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ROGER OF WENDOVER Flowers of history. The history of England from the descent of the saxons to A.D. 1235. vol.1


Sir John Froissart's Chronicles of England, France, Spain and the Ajoining Countries from the latter part of the reign of Edward II to the coronation of Henry IV in 12 volumes 

Chronicles of Enguerrand De Monstrelet (Sir John Froissart's Chronicles continuation) in 13 volumes 

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Flowers of history. The history of England from the descent of the saxons to A.D. 1235. vol.1
page 241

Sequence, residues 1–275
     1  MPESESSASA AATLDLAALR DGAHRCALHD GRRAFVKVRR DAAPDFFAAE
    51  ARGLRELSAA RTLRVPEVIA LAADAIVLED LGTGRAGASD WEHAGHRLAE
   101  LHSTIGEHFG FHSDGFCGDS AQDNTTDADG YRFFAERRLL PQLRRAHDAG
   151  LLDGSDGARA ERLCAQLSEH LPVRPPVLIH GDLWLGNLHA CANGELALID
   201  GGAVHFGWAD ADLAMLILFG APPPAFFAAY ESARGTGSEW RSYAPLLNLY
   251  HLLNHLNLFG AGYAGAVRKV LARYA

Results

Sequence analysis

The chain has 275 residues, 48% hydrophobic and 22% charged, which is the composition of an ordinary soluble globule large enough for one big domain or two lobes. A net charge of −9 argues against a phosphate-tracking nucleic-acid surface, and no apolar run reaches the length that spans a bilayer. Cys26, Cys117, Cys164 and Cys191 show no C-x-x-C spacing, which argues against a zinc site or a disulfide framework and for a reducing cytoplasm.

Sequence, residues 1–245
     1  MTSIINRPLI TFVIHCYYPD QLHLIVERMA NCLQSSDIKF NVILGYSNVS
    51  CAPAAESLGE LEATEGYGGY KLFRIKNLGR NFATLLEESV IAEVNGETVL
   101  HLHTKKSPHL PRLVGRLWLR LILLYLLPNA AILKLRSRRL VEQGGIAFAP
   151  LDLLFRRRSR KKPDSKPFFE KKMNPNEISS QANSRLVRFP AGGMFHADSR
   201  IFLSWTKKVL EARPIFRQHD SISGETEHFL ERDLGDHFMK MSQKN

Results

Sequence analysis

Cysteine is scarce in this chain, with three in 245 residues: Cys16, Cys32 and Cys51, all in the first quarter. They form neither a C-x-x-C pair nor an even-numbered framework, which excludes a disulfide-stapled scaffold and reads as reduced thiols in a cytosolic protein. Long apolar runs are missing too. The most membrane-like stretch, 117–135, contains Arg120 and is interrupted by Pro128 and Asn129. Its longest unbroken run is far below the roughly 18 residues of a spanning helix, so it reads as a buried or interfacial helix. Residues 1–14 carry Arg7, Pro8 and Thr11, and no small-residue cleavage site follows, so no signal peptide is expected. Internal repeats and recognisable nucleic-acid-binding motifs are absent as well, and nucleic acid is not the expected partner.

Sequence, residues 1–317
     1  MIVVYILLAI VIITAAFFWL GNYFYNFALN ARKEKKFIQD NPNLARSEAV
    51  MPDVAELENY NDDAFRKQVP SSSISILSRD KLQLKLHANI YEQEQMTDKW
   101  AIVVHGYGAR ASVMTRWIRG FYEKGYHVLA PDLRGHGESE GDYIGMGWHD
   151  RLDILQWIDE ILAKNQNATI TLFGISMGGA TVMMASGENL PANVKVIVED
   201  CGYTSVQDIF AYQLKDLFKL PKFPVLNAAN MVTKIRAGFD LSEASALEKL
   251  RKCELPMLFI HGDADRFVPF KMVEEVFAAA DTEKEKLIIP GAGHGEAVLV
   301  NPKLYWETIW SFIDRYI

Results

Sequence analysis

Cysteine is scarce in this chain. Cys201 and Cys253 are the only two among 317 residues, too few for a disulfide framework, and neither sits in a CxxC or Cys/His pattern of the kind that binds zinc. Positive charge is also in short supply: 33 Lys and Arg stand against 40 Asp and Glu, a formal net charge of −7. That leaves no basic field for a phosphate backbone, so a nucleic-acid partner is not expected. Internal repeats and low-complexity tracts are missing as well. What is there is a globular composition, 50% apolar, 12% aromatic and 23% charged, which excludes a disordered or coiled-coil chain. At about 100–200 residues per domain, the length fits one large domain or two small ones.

them; and on the adversary's side there fell Ysop and Osketel, officers of rank, the earls Brithric and Sinoth, king Eanich, Ethelwald the atheling, and many thousand others. On learning that the bravest of his enemies were slain, king Eadward wisely withdrew from the place of contest, and not long afterwards he made peace with the pagans at a place called Ittingeford. After these things the king reduced to due obedience some of his rebel subjects, and especially the citizens of London and Oxford. In the same year Benedict was made pope, and sat one year and six months. Louis made emperor. In the year of our Lord 903, Louis attained the Roman empire and reigned ten years. In the same year, on the death of pope Benedict, Leo sat in the Boman chair forty days, and was succeeded by Christopher, who died six months afterwards. St. Grimbald departed to the Lord. A.D. 904. The holy presbyter Grimbald, a man of great sanctity, and one of the instructors of king Alfred, ascended to the joys of the heavenly kingdom. The same year the devout handmaid of Christ, the queen-mother of king Eadward, who had founded a monastery of nuns at Winchester, departed this life. A council held in the country of the West-Saxons. A.D. 905. Sergius sat in the Roman chair seven years and sixteen days. In the same year the magnificent king Eadward, and Plegmund archbishop of Canterbury, assembled a great council of bishops, abbats, and others of the faithful in the province of the Gewissa?, which is in that part of England which lies to the south of the river Thames. Now this region, on account of the incursions of the enemy, had been for seven years without episcopal and pastoral care. It was, therefore, most wholesomely decreed in this council, that instead of two bishops, one having his see at Winchester and the other at Sherburn, five prelates should be created, that the Lord's flock might not be deprived of pastoral care by the incursions of the wolves. A canonical election, therefore, took place, when they appointed Frithstan to the see of

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